|SPORE Bulletin of the CTA No. 55 (CTA Spore, 1995, 16 p.)|
For six years La Compagnie Malienne de Dloppement des Textiles (the textile development company of Mali) popularized the use of biogas in southern Mali. The installations were designed along the lines of a Chinese model and more than 60 are still functioning today. The success of the community level biogas enterprises depends on local organizing ability but further research is needed before domestic systems are introduced.
In southern Mali, as in many other places in Africa, traders plunder wood from the villages to satisfy the demand from town. Many organizations are therefore working at community level to find alternative sources of fuel in order to reduce the destruction of rural tree cover. The Training Unit of the Department of Rural Development of the CMDT (Le Service Formation du Drtement du Dloppement rural de la CMDT) has, since the beginning of the '80s, been trying to establish biogas production. An ideal opportunity presented itself when a new Technical Workshop was built at Sirak (Atelier Technologique, SirakATS) a few kilometres from Koutiala. A Chinese engineer who had experience of biogas installations in the hotter regions of China was called in to provide technical assistance. He set up a system which consisted of a concrete reservoir, or digester, of 6 cubic metres capacity for holding cattle dung and water.
It was decided that the biogas digester should initially be promoted at community level, for example as a means of lighting the maternity clinic, the school room and, possibly, the mosque. The introduction of domestic biogas installations was to wait for phase two of the project. From 1984 the CMDT began its experimental phase with 64 installations in the Koutiala region.
The ATS required the villages concerned to meet certain criteria so as to guarantee the effective management of the biogas plant. They had to propose two literate people who could be taught about biogas; they had to supply labour and materials for construction, and they had to guarantee to appoint a biogas supervisor who could be trained to supervise the construction of other installations. The CMDT, which gives credit for some of the construction materials, required that the villagers organize themselves into a community association (Association Villageoise) and thereby benefit from having a more structured management. Those responsible within the villages for the biogas are able to call on the assistance of the ATS during the first years of operation, particularly over problems that may arise over the management of biogas production.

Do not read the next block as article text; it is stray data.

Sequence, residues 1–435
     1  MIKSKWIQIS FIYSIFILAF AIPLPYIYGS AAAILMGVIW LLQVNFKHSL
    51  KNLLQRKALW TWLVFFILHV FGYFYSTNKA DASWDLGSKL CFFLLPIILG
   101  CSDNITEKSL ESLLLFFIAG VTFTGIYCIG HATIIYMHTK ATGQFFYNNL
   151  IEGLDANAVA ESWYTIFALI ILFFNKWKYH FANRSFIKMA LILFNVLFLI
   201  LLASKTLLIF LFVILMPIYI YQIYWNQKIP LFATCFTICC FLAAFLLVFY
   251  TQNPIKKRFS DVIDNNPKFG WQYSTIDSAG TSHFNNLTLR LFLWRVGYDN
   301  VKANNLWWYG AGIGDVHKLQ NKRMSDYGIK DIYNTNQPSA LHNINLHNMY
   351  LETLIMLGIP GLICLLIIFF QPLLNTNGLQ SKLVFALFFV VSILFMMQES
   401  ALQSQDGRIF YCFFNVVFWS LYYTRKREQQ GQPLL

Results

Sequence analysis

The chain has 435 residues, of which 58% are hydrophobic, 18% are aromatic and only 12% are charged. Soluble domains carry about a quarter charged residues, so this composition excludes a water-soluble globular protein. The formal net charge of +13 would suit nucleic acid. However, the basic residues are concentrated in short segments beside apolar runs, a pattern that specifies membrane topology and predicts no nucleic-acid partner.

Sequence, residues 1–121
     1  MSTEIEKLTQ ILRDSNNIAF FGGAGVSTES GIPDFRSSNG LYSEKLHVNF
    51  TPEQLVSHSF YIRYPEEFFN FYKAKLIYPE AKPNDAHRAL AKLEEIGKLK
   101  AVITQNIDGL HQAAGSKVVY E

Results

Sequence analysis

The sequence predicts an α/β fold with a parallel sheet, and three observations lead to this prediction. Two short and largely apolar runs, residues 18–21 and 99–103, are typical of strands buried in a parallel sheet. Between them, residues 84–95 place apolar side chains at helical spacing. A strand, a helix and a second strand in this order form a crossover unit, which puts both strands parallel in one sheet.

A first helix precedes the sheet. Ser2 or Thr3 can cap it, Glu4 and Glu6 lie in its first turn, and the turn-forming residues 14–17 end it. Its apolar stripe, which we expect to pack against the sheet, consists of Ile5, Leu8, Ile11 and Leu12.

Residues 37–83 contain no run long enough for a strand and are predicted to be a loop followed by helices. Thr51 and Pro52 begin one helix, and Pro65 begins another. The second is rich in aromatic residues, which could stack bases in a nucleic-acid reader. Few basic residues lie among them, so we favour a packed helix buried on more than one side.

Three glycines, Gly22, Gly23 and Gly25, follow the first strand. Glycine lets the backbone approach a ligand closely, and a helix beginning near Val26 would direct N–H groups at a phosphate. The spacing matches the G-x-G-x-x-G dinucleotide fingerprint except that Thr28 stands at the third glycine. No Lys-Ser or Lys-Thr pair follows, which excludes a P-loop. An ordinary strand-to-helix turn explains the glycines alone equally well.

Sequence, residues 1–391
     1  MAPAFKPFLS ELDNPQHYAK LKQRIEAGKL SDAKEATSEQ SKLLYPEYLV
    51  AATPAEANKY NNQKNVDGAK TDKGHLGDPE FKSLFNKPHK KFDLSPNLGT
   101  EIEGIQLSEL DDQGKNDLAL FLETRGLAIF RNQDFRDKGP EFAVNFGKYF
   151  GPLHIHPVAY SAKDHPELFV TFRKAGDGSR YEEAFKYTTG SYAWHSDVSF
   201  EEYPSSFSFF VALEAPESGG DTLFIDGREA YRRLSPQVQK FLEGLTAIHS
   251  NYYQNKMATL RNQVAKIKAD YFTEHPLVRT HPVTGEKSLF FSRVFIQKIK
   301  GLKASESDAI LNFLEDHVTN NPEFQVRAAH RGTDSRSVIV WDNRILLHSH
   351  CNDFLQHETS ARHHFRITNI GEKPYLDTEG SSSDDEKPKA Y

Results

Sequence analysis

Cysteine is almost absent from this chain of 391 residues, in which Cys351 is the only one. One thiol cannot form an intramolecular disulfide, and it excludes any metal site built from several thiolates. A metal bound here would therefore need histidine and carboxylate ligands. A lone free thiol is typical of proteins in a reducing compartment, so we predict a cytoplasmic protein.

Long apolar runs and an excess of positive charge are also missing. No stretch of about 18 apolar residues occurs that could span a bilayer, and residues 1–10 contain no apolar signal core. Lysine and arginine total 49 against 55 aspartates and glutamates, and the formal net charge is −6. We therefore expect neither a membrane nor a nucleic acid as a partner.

A warm welcome in the villages
The people of the region were not familiar with this type of technology and so to gather their reactions the Training Unit of the CMDT set up a project with the support of the Association of Netherlands Development Assistance (SNV) to evaluate its impact. The project looked at a number of new technologies including biogas as well as improved beehives, millet mills and threshing machines and improved ploughs.
For biogas, as for the other new technologies, word of mouth proved to be an excellent means of spreading the word. People were curious to know how cow-dung could be used to produce energy. When the inhabitants of a village which already enjoyed the advantages of a biogas digester talked about their experiences at the market, their neighbours hurried to see for themselves. The blacksmith at Nankorola asked CMDT to install a digester because he had seen one at his community association. Information spread rapidly and effectively as a result of visits between villages.
Lighting is always given as the principal benefit of biogas. People know that they can also heat water and prepare meals with biogas but they rarely use if for those purposes and are even less likely to do so for running a fridge, a pump or a motor which require much more gas and also equipment which they cannot afford.
If a biogas installation is to function well it is important that the community association also works well. The need for light at the maternity clinic, or school room, must be recognized by the whole village. Where there is no sense of community cohesion within a village or there are other social or personality problems it is very difficult to encourage people to keep the biogas digester running. At N'Tosso, for example, the maternity clinic is closed and the biogas installation is not working. The villagers do not feel sufficiently motivated to feed the apparatus with manure. At Kian they have the same problem because the biogas specialist has not been paid.
Despite these difficulties it is clear that biogas is well adapted to the rural conditions in the region and people recognize that they can save on paraffin fuel for their lamps. However destabilised prices following devaluation of the CFA franc mean that it is impossible to estimate the direct profitability or savings of a biogas installation and more research is considered necessary before introducing biogas technology for domestic use. Although biogas energy helps to protect the environment, the implications of this are not yet fully understood by the rural people.